Daniela Vargas, a native of Argentina who was detained by US immigration agents after she publicly criticized Immigration and Customs Enforcement raids, was released Friday, said Karen Tumlin, legal director at the National Immigration Law Center.
“After a long nearly two weeks in detention, Daniela Vargas is on her way back to her family and her community in Mississippi,” Tumlin said. “This is a day — at least it is a moment — for celebration in what has been a terrifying set of months for the immigrant community and their families.”
Details about conditions of Vargas’ release were unclear Friday. An attorney for Vargas, Nathan Elmore. said he was concerned a deportation order against Vargas has not been rescinded. She’d been held at an ICE detention center in Louisiana.
“We have not seen the order that released her, so there are technical aspects that cause doubts prior to seeing that,” Elmore said.
Vargas, 22, qualified for a temporary reprieve from deportation under the Obama-era Deferred Action for Childhood Arrivals program, but her DACA status expired in November.
She was detained last week after speaking at a news conference in Jackson, Mississippi, about the arrests of her father and brother by ICE agents.
Vargas’ attorneys filed a petition this week in federal court asking for her immediate release.
The habeas petition, filed Monday in US District Court in Alexandria, Louisiana, said that “ICE agents arrested and detained Ms. Vargas in retaliation for the exercise of her First Amendment rights,” referring to the news conference at which she spoke.
“Ms. Vargas’ continued detention and inability to contest her detention and removal violate her Fifth and First Amendment rights.”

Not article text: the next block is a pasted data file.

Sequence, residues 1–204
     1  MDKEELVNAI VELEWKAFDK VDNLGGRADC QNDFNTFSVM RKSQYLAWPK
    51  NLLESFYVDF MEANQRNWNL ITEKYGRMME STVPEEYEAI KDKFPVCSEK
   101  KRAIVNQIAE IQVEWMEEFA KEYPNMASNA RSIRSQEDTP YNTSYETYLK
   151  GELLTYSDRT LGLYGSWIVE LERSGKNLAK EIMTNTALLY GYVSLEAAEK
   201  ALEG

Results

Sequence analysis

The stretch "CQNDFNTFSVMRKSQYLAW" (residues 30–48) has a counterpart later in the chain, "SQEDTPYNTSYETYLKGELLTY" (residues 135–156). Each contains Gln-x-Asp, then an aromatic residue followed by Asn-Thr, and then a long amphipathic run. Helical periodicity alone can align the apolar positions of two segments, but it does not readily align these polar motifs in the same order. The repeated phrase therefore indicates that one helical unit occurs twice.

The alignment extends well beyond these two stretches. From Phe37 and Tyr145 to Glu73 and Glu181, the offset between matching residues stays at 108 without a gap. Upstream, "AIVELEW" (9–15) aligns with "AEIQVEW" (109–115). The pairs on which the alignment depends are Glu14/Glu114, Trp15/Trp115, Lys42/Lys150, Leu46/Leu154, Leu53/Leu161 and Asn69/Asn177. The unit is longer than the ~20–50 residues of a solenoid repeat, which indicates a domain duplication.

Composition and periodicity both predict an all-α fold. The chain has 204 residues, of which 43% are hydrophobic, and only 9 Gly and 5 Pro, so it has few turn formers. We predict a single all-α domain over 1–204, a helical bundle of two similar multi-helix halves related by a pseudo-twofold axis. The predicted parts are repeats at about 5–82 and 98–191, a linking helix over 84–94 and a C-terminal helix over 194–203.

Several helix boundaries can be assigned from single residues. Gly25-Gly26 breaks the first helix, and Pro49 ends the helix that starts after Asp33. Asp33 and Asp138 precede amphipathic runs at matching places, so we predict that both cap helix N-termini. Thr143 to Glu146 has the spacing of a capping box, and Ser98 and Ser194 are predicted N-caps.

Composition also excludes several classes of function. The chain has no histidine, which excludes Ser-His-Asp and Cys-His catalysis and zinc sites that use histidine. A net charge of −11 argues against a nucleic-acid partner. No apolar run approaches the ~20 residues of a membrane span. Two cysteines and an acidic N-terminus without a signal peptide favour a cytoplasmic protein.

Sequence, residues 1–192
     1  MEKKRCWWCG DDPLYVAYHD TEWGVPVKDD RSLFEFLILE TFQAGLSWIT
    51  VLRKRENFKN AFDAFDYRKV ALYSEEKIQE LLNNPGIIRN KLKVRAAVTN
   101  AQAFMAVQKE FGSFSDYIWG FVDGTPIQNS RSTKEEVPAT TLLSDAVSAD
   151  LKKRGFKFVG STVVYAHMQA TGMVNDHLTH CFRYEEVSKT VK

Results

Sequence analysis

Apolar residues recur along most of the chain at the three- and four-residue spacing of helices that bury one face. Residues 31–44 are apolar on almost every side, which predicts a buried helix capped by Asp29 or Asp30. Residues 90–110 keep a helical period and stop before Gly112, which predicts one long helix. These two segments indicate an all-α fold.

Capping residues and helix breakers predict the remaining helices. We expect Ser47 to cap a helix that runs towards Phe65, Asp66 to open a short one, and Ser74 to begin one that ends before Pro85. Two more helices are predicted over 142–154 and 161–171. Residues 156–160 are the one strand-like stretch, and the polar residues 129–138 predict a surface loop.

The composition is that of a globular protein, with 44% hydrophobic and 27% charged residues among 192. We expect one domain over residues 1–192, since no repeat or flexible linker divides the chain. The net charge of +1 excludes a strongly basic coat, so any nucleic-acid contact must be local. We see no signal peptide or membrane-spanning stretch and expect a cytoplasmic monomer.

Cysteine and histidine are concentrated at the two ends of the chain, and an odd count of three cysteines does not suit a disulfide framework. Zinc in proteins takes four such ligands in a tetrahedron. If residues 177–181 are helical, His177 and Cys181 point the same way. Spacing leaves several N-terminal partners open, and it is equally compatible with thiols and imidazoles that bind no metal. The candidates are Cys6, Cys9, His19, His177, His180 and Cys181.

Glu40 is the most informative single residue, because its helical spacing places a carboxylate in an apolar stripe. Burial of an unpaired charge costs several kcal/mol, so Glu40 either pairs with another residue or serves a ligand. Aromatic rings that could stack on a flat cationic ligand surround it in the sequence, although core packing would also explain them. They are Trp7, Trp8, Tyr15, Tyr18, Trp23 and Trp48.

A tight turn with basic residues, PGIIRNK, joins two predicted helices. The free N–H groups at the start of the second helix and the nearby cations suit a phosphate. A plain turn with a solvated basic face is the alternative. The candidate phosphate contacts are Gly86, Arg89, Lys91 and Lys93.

ICE released a statement last week saying Vargas was arrested during one of its “targeted enforcement” operations.
“US Immigration and Customs Enforcement (ICE) took Daniela Vargas, 22, an unlawfully present Argentinian citizen, into custody March 1, during a targeted immigration enforcement action in Jackson, Mississippi,” the statement said.
ICE said Thursday on Twitter that “DACA is not a protected legal status, but active DACA recipients are a lower level of enforcement priority.”
The Department of Homeland Security has terminated deferred action for about 1,500 people since 2012, mainly because of criminal activity, ICE tweeted.
Vargas said she came to the United States with her family at age 7 as an undocumented immigrant and later was granted DACA status.
One of her attorneys, Abby Peterson, said Vargas could not immediately afford the minimum $495 renewal application fee after her DACA status expired and she put off the process until last month. The government recommends DACA recipients apply for a renewal between 120 and 150 days before their status expires.
Days after Vargas reapplied, her father and brother were taken into ICE custody at their home, on February 15.